Seeing the evolution of this [orientation approach] across studies that I was involved in made me get very interested in better systematically describing these potential impacts of the orientation session on attendance and retention. Working together with this team, we identified three studies where the orientation session approach was implemented in ongoing trials. To date, this is the closest we've come to an experimental test of the impact of the orientation sessions.
There are four key constructs that we cover within the orientations, which are held before participants are randomized to a condition. One is setting really clear expectations for participants and making sure that they understand that we're transparent about all the procedures that they'll be undergoing. This is where we try to describe the research question and why we think it's compelling.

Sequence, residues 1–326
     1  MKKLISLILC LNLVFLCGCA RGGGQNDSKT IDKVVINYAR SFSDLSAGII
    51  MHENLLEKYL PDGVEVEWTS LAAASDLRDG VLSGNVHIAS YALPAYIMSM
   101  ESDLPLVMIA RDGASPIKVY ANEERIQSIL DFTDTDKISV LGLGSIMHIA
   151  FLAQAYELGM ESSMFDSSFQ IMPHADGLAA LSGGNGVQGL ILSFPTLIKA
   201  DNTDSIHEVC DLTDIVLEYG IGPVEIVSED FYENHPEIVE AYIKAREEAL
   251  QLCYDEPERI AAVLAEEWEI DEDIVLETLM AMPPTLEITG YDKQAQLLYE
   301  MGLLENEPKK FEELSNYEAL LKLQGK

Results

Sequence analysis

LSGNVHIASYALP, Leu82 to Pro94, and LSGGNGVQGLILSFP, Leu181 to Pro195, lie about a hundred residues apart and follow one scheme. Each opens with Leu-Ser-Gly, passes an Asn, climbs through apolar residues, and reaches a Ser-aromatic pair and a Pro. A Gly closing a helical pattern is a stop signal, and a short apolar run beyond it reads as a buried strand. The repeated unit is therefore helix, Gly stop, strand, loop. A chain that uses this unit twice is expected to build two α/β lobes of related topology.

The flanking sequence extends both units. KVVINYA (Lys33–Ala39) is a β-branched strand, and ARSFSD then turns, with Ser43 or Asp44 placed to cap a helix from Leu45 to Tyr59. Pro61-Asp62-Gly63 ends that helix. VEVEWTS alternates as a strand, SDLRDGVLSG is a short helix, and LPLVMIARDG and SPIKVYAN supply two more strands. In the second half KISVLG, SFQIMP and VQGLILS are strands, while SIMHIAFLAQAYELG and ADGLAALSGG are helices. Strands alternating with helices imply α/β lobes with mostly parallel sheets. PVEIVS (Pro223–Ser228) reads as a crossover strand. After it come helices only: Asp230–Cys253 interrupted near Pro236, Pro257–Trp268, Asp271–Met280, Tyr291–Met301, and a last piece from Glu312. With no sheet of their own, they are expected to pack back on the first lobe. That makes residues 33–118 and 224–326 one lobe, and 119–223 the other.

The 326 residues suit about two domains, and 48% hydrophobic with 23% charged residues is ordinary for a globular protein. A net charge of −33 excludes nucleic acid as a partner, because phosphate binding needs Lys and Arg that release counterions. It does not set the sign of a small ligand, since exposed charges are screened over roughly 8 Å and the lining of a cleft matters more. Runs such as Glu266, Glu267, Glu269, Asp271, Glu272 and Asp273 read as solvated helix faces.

The next part of the orientation session is understanding scientific principles behind the methods. We try to explain a little bit more about what randomization is, for example, and why we need to randomize to ensure that the conditions are balanced across a number of factors.
We make a non-judgmental space for people to be able to discuss the two conditions, which leads into the third component which is the one that's most directly informed by motivational interviewing. That's where we try to explicitly diffuse people's ambivalence about participating in the trial and about participating in one of the two conditions preferentially. So we have a structured discussion about the pros and cons of being in the two conditions or the trial. We try to engage participants to think through the implications of each of those decisions and explore if they truly are willing to participate in either condition or the trial.